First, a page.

Build your own Raspberry Pi NGINX Web Server

In this tutorial, we will be showing you how to set up the NGINX Web Server on your Raspberry Pi.

Raspberry Pi NGINX Header

It is a better alternative to Apache for the Raspberry Pi due to a few different reasons.

Some of the reasons NGINX is better on the Raspberry Pi is that it has a much lower memory usage and generally a lower CPU usage meaning you can get more out of your Raspberry Pi’s limited resources.

We will also show you how to configure NGINX to utilize PHP-FPM, this requires a slight bit of extra configuration to get up and running unlike PHP for Apache.

While NGINX has a bit more leg room then Apache, still don’t expect it to run any serious amount of traffic or perform any significant amount of PHP work.

Equipment List

Below are all the bits and pieces that I used for this Raspberry Pi NGINX tutorial.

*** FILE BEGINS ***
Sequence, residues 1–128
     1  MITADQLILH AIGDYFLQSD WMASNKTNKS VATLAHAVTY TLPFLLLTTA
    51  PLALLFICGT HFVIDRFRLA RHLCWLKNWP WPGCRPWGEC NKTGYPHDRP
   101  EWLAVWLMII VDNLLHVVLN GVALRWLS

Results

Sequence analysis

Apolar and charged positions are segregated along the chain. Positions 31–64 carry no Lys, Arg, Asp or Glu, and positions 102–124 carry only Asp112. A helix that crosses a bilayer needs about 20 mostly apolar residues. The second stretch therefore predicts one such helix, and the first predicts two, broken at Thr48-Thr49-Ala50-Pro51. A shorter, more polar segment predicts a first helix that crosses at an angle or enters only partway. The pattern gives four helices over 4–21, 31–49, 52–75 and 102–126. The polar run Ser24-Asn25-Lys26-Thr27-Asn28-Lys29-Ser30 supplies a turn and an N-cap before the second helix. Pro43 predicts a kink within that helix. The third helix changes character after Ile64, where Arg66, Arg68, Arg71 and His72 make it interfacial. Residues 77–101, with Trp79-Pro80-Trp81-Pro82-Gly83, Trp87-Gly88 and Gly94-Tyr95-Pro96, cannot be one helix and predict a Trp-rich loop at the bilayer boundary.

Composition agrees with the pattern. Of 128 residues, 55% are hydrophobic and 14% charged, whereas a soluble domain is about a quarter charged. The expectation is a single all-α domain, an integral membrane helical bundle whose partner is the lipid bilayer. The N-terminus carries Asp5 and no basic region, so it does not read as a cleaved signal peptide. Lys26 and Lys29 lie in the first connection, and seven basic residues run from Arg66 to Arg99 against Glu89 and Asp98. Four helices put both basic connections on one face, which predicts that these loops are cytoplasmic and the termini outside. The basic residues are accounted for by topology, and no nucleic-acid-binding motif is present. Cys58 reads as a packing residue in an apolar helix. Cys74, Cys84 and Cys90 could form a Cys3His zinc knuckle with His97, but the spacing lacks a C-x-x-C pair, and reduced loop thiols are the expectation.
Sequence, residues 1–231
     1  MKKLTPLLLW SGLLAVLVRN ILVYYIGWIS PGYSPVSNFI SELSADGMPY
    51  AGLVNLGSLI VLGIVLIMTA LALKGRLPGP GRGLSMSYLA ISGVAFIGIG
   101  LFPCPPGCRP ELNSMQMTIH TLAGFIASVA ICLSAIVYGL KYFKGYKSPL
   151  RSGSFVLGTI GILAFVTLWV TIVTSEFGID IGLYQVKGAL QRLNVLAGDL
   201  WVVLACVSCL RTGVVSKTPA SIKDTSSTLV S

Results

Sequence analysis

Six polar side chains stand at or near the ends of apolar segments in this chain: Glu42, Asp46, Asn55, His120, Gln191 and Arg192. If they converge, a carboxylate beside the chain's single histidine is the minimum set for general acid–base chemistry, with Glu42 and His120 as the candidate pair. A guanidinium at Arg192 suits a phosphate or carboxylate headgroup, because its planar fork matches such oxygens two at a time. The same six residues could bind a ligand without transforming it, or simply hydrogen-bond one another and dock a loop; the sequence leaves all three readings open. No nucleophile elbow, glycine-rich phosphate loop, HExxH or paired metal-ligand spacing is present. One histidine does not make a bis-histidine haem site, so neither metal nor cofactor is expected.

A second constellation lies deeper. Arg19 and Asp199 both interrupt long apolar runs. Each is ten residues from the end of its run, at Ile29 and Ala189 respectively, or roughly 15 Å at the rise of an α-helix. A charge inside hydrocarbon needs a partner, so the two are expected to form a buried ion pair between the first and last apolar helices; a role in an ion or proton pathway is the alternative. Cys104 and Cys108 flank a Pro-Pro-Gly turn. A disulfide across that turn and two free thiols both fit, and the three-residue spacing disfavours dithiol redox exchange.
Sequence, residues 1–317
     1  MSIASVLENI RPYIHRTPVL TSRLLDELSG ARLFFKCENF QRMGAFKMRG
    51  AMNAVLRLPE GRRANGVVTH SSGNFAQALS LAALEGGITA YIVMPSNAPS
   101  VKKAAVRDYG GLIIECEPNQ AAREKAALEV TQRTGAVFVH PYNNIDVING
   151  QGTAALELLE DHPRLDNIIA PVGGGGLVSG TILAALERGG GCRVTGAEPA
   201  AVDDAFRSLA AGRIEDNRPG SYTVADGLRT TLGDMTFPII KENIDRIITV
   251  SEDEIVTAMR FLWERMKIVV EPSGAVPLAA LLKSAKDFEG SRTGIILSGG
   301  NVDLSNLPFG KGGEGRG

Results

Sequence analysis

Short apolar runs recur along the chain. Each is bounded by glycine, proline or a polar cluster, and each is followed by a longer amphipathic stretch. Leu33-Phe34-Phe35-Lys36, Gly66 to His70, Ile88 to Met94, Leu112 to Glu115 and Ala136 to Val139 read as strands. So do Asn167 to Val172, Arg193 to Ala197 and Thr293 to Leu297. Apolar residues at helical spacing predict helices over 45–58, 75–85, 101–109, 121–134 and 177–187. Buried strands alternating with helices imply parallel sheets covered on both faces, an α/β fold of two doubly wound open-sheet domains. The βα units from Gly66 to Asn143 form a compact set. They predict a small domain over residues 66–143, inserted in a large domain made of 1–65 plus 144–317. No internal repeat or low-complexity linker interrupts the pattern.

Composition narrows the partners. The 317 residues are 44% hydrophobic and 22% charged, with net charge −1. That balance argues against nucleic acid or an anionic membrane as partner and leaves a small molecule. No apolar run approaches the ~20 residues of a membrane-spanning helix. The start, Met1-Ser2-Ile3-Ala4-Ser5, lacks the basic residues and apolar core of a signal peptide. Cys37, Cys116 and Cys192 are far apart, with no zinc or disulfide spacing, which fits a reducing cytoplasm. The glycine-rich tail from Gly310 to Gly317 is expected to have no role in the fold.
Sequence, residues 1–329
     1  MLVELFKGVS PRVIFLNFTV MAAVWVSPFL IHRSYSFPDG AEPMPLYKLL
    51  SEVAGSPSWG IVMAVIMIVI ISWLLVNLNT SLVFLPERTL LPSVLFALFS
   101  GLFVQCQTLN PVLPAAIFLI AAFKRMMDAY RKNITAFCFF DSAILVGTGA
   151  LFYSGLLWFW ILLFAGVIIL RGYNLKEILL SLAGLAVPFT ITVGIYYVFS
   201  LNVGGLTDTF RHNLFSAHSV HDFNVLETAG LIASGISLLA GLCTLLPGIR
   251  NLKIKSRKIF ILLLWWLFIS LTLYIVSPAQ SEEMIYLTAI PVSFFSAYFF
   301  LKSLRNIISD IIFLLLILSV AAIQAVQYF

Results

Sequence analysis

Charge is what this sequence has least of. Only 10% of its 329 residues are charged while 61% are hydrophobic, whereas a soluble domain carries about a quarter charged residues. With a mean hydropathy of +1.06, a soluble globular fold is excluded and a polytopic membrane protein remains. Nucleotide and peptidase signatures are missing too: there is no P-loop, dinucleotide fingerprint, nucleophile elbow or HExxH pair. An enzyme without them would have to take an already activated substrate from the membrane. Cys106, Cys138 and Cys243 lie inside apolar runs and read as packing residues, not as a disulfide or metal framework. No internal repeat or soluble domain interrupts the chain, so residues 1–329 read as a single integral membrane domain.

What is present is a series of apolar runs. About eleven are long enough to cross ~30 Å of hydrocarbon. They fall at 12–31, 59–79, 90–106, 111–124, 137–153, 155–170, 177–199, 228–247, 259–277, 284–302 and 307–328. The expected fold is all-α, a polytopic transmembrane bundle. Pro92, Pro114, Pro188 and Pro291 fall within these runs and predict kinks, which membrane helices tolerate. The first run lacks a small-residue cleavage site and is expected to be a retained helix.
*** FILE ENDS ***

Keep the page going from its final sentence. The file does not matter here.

Raspberry Pi

Micro SD Card

Power Supply

Ethernet Cord or a Wi-Fi dongle (From the Pi 3 onwards has Wi-Fi inbuilt)


Raspberry Pi Case

Setting up NGINX on the Raspberry Pi

1. Before we get started with setting up the NGINX web server on the Raspberry Pi, we must first make sure our Raspberry Pi is up to date by running the following two commands on it.

sudo apt-get update
sudo apt-get upgrade

2. We should also run the following command to uninstall Apache2 since there is a chance that it is pre-installed on your system.

Failing to do so can cause the installation to fail since it automatically starts up and utilizes port 80 since we intend on using NGINX as a web server we choose to remove it from the system.